With less than one week to go before the first official Asteroid Day on June 30, local organizers are making final preparations for more than 50 public events worldwide to increase education and awareness about asteroids and how to better detect them. June 30 is the anniversary of the largest asteroid impact of Earth in recent history, the 1908 Siberian Tunguska asteroid impact. The 100X Declaration, calling for increased detection and tracking of near Earth objects, is open for public signature.
“Our surveillance of near-Earth objects is not good enough, so we are trying to ramp up the rate of detection by 100 times,” said astrophysicist and musician Brian May. “Signing the 100X Declaration is a way for the public to contribute to bringing about an awareness that we can protect humanity now and for future generations.”
More than 36 astronauts and cosmonauts are participating in Asteroid Day. A partial listing includes: Pedro Duque (Spain); Tamara Jernigan (U.S.); Tom Jones (U.S.); Alexei Leonov (Russia); Ed Lu (U.S.); Patrick Michel (France); Dorin Prunariu (Romania); Andres Eloy Martinez Rojas (Mexico); Franz Viehboeck (Austria); Rusty Schweickart (U.S.); and Anousheh Ansari (U.S.), the first woman private space traveler.
“If we can track the trajectories of asteroids and monitor their movement in our solar system, then we can know if they are on a path to impact Earth,” said Apollo astronaut Rusty Schweickart. “If we find them early enough, we can move them out of Earth’s orbit — thus preventing any kind of major natural disaster.”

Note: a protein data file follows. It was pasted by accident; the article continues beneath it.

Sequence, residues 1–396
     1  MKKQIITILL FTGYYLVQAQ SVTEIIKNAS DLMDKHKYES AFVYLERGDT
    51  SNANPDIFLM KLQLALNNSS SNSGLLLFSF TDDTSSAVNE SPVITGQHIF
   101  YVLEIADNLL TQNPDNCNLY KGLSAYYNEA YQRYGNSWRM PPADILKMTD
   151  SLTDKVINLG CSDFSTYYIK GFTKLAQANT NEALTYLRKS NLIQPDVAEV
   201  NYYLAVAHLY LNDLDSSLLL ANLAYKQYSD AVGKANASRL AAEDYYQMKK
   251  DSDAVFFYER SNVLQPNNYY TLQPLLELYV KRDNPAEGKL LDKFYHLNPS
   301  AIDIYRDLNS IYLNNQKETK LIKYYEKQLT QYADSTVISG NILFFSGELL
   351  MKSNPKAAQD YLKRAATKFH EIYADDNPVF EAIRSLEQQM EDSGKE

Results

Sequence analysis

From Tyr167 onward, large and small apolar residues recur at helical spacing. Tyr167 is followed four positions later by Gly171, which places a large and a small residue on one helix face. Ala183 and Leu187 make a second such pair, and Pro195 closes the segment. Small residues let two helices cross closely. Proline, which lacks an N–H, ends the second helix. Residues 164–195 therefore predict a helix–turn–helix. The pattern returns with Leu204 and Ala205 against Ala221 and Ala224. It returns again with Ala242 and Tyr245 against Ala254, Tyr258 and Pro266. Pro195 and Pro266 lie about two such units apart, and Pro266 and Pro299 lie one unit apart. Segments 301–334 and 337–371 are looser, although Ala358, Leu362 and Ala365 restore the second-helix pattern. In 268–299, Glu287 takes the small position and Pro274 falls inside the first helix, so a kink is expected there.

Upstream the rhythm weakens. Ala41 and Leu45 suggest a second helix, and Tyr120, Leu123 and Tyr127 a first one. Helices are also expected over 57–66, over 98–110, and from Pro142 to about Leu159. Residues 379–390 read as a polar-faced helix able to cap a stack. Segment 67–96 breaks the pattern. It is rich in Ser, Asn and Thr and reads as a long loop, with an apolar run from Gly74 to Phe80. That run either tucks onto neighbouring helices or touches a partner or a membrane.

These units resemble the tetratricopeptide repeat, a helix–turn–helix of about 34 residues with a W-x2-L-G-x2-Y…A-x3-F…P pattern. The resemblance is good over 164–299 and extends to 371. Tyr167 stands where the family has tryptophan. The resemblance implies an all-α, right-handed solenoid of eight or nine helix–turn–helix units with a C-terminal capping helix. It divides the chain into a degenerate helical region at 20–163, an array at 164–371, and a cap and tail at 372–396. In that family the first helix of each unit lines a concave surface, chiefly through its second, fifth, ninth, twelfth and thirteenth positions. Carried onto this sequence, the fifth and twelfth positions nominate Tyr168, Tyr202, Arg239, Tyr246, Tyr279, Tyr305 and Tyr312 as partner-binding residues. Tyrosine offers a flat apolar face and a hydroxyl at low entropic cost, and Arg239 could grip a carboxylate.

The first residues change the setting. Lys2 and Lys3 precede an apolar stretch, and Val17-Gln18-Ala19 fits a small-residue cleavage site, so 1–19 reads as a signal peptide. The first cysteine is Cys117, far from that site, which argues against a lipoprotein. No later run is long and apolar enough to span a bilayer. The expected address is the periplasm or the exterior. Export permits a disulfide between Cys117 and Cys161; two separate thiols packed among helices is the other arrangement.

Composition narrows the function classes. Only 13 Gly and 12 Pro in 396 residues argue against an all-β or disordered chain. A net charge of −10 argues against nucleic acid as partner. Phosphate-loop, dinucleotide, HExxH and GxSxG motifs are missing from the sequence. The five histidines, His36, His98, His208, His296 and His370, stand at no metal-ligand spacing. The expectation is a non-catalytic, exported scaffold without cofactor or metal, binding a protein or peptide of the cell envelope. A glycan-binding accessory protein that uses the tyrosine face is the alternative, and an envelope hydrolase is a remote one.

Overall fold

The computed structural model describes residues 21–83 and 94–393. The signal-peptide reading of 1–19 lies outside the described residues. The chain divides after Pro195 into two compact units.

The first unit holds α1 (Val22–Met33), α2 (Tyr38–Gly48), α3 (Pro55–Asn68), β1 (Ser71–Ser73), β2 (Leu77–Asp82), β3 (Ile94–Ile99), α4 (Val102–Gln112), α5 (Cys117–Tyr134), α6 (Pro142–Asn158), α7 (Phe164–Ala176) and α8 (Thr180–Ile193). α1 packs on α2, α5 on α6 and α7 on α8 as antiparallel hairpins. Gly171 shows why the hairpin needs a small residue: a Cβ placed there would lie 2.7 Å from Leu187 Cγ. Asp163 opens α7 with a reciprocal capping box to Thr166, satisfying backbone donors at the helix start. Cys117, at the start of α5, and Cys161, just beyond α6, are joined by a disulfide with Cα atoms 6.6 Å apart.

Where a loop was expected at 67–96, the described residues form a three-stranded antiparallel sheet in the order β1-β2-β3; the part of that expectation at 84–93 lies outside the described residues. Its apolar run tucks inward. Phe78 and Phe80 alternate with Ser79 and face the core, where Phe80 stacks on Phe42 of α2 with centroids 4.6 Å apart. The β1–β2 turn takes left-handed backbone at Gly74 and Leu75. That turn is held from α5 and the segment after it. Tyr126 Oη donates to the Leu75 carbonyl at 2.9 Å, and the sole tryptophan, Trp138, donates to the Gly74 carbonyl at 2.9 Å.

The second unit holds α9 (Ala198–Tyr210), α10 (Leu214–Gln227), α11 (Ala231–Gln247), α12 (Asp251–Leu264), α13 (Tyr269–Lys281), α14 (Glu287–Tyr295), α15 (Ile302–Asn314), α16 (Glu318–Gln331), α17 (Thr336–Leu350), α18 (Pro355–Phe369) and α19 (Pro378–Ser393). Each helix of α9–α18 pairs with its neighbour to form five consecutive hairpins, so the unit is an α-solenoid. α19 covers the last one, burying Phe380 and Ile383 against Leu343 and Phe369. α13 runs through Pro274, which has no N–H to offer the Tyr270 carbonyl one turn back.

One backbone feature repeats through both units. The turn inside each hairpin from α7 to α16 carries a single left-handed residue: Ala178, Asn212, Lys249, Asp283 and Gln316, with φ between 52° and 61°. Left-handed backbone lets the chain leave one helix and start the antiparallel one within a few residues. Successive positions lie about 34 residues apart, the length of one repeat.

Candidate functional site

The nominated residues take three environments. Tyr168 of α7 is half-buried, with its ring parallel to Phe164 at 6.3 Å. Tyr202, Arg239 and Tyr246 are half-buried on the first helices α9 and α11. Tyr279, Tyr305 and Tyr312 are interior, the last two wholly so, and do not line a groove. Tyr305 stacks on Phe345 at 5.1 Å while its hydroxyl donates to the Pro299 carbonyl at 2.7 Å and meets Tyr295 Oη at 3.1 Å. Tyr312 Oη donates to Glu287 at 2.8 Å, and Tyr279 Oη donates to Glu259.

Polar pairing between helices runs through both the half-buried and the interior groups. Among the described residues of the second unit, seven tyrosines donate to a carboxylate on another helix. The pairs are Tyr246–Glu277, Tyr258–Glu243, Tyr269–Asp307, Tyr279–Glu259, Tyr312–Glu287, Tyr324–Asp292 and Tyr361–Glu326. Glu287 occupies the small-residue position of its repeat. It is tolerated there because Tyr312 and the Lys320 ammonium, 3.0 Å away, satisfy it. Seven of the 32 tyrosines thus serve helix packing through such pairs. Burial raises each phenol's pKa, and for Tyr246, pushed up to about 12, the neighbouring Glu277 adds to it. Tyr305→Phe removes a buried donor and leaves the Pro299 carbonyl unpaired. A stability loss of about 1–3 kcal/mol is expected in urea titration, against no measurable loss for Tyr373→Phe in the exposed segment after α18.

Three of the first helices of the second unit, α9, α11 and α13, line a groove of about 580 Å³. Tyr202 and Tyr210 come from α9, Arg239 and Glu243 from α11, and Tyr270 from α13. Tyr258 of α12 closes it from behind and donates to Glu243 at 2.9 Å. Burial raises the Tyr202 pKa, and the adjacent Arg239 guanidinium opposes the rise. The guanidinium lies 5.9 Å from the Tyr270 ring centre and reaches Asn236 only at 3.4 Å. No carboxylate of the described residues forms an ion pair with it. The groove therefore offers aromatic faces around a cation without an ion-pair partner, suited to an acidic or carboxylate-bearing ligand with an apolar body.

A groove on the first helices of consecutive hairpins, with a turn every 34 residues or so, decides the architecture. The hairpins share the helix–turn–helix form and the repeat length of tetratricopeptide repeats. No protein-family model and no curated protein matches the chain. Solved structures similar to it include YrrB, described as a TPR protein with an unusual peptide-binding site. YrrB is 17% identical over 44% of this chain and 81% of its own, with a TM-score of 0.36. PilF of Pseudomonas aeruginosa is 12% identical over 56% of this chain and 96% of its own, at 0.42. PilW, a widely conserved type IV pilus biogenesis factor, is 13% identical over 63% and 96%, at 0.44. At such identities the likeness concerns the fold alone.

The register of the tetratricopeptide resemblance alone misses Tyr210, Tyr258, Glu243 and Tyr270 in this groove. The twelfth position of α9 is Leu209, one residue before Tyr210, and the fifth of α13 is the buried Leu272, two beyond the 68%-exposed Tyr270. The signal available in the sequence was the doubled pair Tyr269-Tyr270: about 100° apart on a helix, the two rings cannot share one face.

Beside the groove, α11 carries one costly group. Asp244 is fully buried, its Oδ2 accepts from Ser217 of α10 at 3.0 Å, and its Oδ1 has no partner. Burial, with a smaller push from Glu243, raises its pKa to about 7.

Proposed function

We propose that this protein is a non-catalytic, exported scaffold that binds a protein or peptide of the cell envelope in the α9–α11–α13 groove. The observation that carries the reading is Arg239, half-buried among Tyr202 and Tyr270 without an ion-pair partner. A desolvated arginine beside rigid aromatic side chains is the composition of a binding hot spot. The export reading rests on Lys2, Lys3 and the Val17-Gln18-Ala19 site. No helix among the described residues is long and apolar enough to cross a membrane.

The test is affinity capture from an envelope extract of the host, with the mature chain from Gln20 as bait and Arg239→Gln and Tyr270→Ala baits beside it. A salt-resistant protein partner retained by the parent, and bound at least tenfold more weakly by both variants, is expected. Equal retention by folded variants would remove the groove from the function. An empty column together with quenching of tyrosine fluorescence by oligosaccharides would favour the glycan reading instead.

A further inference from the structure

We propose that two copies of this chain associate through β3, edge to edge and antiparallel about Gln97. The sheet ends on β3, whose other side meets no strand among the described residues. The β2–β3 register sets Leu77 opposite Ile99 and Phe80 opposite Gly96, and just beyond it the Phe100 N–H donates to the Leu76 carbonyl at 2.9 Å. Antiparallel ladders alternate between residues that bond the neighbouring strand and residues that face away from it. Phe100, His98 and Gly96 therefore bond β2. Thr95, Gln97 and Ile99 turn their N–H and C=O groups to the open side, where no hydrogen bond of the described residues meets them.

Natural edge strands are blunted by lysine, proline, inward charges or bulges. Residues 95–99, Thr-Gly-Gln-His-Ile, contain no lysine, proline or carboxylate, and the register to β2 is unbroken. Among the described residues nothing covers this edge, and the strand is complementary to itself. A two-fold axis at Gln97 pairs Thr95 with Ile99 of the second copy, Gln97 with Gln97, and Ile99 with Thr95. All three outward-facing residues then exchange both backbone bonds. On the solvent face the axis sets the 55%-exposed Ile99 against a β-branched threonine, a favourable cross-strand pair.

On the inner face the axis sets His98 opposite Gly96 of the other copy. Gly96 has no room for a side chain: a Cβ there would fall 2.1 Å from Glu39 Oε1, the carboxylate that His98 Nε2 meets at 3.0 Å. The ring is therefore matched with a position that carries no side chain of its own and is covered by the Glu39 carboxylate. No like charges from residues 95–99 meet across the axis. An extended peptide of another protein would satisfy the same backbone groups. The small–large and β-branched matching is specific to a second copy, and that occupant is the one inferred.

All events have been organized locally by museums, research institutes, government agencies, universities, astronomers, filmmakers, and concerned citizens and include lectures, films, expert science presentations, and educational workshops in Australia, Austria, Brazil, Bulgaria, Canada, Czech Republic, Germany, Great Britain, Greece, India, Italy, Mexico, Romania, Spain, Turkey South Korea, and the U.S, among other locations. The event at the Natural Museum of Vienna Austria is being held in partnership with the United Nations Committee on the Peaceful Uses of Space. The European Space Agency (ESA) has organized a Twitter discussion #Ask ESA about #asteroids, an online Q&A with ESA experts.
The film that inspired Asteroid Day, 51°North, produced by German filmmaker and Asteroid Day co-founder Grigorij Richters, is about a futuristic asteroid impact and its human ramifications. The film will premiere at the London event at the Science Museum IMAX Theatre and be available online via AsteroidDay.org. The film’s music was scored by May, the famous lead guitarist of Queen. Profits from the film’s showing are being donated to Asteroid Day.
The 100X Declaration calls for a 100-fold increase in the detection and tracking of asteroids or near-Earth objects (NEOs) in our solar system and is open for public signature at Asteroidday.org. Notable public and private citizens have signed the 100X Declaration: Lord Martin Rees, UK Astronomer Royal; Jane Luu; Jill Tarter; Bill Nye; scores of astronauts and cosmonauts, including Helen Patricia Sharman, the first Briton in space; leading scientists Kip Thorne, Brian Cox, and Richard Dawkins; and leaders in business Alan Eustace, Peter Norvig, Peter Gabriel, writer David Brin, and The Discovery Network’s Meteorite Man Geoff Notkin, among others. For a full listing of signatories, see http://www.asteroidday.org/signatories-list.
Founding Partners of Asteroid Day include the Association of Space Explorers, Astronauts Without Borders, B612 Foundation, California Academy of Sciences, The Planetary Society, Natural History Museum of Vienna, Seattle’s Museum of Flight, and Starmus. Media partners include Astronomy magazine, Astronomy Now, Slooh, and premiere media sponsor Discovery Science, which is airing “Countdown to Asteroid Day” to more than 40 million households across Europe, UK, Middle East and Africa.
Additional information on Asteroid Day, the 100x Asteroid Declaration, photos, and video are available at http://www.asteroidday.org.